Geolocation is a service that allows web pages to request the coordinates of your physical location. You might see this on a map where you click a button for the map to show you your position on the map. Alternatively, you might see a prompt when visiting a website, where the website has asked for your permission to see your location.
Unfortunately, our existing geolocation provider is no longer able to provide us with a service, due to new legal restrictions. Because of how important privacy is, especially when it comes to something as sensitive as your exact location, we will only trust a geolocation provider that respects your privacy. So for now, we are looking into the available providers, and testing them to see if their coverage is good enough to serve our user base. Currently, on Windows we use Windows’ geolocation service, but on macOS and Linux geolocation has been disabled. This is not a situation we are happy with, and we are trying hard to find a solution. Your privacy is just too important to us.
How geolocation works
Your location can be detected using your device’s GPS sensors, if your computer or device has a GPS sensor. However, if your device does not have a GPS sensor, the browser can request your location from a geolocation provider. Typically, it sends the geolocation provider limited details of the WiFi networks that your computer can see. The geolocation provider uses known WiFi network locations and strengths to calculate your likely position. If it is unable to do so using the networks in your area, then it may resort to using an even more approximate geographical IP address lookup, using a large database of the approximate locations of all IP addresses. These databases were common before geolocation services became popular, and require constant maintenance, as IP addresses are frequently re-allocated to different providers.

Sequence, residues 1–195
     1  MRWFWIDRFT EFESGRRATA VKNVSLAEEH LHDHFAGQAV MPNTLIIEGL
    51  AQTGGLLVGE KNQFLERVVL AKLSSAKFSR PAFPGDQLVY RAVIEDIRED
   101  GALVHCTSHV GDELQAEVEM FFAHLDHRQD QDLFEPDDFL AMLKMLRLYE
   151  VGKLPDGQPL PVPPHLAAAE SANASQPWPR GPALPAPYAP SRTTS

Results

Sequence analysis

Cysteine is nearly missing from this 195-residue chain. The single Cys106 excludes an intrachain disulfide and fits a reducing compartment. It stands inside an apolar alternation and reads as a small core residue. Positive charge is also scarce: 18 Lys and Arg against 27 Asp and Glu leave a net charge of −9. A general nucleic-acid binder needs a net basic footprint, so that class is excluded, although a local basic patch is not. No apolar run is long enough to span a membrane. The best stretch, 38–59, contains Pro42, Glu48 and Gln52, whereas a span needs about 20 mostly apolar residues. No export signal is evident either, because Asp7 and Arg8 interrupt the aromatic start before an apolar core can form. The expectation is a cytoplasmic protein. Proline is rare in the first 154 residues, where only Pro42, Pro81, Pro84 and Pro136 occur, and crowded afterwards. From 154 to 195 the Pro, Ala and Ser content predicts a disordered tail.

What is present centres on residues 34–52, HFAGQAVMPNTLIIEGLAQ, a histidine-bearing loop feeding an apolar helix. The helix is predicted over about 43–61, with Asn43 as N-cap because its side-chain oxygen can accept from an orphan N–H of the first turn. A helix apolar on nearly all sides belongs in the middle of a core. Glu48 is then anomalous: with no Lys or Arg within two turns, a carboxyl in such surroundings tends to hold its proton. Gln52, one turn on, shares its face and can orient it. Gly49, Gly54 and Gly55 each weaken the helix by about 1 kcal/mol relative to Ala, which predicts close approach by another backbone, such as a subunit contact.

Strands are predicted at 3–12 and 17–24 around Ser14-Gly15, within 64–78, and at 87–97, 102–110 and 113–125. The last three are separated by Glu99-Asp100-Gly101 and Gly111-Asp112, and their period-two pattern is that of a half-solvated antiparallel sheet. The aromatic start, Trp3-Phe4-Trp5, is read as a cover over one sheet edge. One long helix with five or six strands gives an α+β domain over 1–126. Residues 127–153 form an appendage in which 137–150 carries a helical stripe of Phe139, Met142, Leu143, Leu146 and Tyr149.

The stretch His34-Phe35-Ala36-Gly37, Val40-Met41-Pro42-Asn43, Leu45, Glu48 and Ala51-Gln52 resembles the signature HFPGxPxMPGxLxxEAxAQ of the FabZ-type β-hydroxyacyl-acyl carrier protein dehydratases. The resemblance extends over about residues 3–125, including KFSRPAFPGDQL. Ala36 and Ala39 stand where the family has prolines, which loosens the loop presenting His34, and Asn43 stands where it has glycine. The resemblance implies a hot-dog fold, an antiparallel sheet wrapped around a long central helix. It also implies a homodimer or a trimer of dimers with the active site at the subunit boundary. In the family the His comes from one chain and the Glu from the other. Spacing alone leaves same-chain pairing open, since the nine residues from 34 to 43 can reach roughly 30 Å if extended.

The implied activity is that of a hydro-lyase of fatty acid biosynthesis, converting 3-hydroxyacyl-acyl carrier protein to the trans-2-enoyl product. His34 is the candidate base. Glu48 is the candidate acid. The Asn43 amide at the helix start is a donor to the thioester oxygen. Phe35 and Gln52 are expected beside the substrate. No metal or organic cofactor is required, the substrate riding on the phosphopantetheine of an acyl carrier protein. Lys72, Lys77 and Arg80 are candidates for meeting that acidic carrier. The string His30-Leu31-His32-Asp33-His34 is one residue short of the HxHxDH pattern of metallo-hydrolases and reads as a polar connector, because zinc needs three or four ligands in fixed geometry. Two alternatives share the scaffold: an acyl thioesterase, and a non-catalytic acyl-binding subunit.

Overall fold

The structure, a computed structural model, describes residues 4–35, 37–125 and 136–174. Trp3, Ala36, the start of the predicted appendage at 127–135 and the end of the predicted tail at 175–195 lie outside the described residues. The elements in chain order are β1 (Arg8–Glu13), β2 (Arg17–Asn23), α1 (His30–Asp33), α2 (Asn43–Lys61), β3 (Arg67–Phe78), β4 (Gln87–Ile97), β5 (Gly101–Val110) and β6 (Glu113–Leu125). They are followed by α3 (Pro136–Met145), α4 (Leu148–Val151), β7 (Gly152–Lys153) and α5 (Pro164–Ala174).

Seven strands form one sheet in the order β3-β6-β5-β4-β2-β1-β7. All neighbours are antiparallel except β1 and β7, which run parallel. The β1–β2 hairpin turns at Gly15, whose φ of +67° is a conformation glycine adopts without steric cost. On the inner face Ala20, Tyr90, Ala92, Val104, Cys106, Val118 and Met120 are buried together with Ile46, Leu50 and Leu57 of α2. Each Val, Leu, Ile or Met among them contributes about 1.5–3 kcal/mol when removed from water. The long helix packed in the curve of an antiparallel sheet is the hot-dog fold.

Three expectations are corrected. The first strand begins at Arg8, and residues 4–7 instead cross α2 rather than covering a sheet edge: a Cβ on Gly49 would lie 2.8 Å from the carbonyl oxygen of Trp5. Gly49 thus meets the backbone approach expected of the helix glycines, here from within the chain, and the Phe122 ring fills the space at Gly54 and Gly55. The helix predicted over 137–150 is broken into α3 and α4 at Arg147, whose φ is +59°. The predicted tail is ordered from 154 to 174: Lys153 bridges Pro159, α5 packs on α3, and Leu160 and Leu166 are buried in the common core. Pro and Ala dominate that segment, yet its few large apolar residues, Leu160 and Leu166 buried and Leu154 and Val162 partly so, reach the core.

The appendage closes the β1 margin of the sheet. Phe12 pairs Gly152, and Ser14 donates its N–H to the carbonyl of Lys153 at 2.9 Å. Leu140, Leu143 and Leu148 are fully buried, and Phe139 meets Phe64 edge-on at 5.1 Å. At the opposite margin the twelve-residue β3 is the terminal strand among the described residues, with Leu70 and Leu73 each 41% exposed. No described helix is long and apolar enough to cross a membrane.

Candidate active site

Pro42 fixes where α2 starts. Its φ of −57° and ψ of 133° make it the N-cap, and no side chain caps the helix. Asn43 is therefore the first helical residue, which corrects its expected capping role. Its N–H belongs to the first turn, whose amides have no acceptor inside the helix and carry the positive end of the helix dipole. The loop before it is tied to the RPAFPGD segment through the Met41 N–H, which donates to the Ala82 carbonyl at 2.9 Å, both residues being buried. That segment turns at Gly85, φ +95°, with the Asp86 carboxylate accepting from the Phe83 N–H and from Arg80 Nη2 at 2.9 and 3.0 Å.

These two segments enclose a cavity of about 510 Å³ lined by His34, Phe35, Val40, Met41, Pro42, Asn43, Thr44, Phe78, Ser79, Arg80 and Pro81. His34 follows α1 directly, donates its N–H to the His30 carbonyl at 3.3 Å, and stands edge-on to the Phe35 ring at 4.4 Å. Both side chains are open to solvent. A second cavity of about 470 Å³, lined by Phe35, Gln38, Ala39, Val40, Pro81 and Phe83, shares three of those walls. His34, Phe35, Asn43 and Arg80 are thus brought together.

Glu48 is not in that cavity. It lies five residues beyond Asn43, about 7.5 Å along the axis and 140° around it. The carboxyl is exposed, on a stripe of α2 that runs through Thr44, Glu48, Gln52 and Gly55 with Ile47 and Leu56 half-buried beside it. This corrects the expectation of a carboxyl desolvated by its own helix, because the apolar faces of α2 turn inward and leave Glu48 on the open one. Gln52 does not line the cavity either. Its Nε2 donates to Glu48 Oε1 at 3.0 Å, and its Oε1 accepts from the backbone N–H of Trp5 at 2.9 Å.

The geolocation provider returns the longitude and latitude of the location that it calculates, and these coordinates are all that the website gets to see.
Protecting your privacy
Your exact physical location is one of the most important pieces of personal data, and typically, you might not want websites or other people to be able to see your exact location. If you trust a website enough to give it permission to see your location, Vivaldi stores your choice, so that next time you visit that website, you will not have to give it permission again. This permission is only allowed to be given to secure websites. When a page accesses your location, a geolocation icon will appear in the address field in Vivaldi for desktop. You can revoke permission using the geolocation icon or by clicking on Site Info in the address field. You can set the default location permission to Allow or Block, using Settings > Webpages.
Are there any alternatives?
Although geolocation is currently disabled on macOS and Linux, there is a way that you can provide a location for websites to use:
- Load a page that wants to see your location, but do not agree to any Geolocation request yet.
- Open Developer Tools using Vivaldi menu > Tools > Developer Tools (or press Ctrl+Shift+I).
- Click on the vertical ellipsis in the top right corner of the Developer Tools window.